“Ordinary”, the second-to-last song on ROACH, is a slow ballad that highlights how much pleasure one can get from the simplest things in life that we often don’t pay attention to. Trying to feel whole and collect all pieces of her identity in a complete picture, she is ready to accept that her expectations of what life should feel like are often unreachable: “I can’t have it all, and I wouldn’t want to”. “Ordinary” feels like a stripped version of a much more instrumentally complex song, creating a somber, but very accepting atmosphere throughout the whole song. It is a gentle reminder for the audience that living an ordinary life is something that can be enjoyable on its own, and that striving for excellence and an extraordinary experience is, in most cases, unachievable, often bringing more doubt and dissatisfaction than feelings of success.
Folick finished her album with a love letter to her hometown, LA, in the form of a melancholic piano serenade “Shortstop”. She describes coming back home for the first time in a while, noting all the feelings that accompany a return to the place that made her the way she is. With a new perspective on life, she is perceptive to all the small things about her hometown that she took for granted before, like seeing the sunrise from Griffith Park or noticing a tag on the Hollywood sign. Along with that, “Shortstop” is a summary of everything that she has learned during her period of growth and emotional maturing, and the way these life lessons made her feel closer to her generation and the people around her. She is rejecting the narrative of how her life “should” go according to society (“If you don’t smoke yet, you’ll be smoking”, “Get your work hard/play safe balance”), and is instead choosing her own path independent of what is expected of her – as a young woman, as an artist, as a queer person, as a daughter, as a lover and as a friend. She empathizes with her audience, saying that we all long to belong somewhere and how often we feel the ever-present existential loneliness. “Meet me at the shortstop, no need to get dressed up”, she says, offering a comforting helping hand to those who are still on their journey of self-acceptance. It is okay to live an ordinary life, and the small moments of joy that compose our lives can be that much more satisfying than an exceptional life full of adventure and fame.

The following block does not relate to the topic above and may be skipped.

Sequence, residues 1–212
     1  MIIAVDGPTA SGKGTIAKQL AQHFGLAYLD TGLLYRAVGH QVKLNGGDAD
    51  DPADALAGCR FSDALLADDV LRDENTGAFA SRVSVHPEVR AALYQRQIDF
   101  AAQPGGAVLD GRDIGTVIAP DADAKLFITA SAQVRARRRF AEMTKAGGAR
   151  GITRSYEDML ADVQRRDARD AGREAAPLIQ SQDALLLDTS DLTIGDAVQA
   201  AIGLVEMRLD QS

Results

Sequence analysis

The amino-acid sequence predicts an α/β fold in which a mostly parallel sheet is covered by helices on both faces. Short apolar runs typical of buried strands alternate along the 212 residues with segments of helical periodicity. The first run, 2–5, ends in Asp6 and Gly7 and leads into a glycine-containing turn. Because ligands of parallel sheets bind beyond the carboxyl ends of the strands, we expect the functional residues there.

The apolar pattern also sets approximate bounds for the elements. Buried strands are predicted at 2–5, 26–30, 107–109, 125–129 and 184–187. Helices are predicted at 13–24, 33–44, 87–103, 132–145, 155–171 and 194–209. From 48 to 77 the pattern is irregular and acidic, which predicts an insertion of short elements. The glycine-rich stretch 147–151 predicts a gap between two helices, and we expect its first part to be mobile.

After this extensive review of ROACH, our readers might find themselves questioning how my previously mentioned similarities to Lorde’s Melodrama are even relevant here. In fact, the two albums are practically opposite to each other, with Lorde praising a fast life full of excitement and momentary decisions that aim to get as much pleasure out of life as possible. It is an anthem of what it means to be young, chasing your dreams and feeling the high of independence for the first time in your life. This is why Melodrama had such a profound impact on me when I was 15 – it showed me what life can feel like and how much excitement awaits me in the future. ROACH, on the other hand, seems to embrace the ordinariness of life and reminisces about being nineteen in a more cautious and even regretful way. However, ROACH somehow feels like a logical continuation of what growing up is like – looking back at her early twenties, Miya Folick does not particularly condemn her careless lifestyle, but instead argues that things that we valued when we were young may not seem as important as you age. Things like family, home, friends and learning how to enjoy your own company can bring you just as much (if not more) joy as drugs, momentary romances, impromptu road trips and sleepless nights. The “Perfect Places” that Lorde, along with our entire generation, is seeking for at nineteen may have been under our noses the entire time.
Written by Maria Kravtsova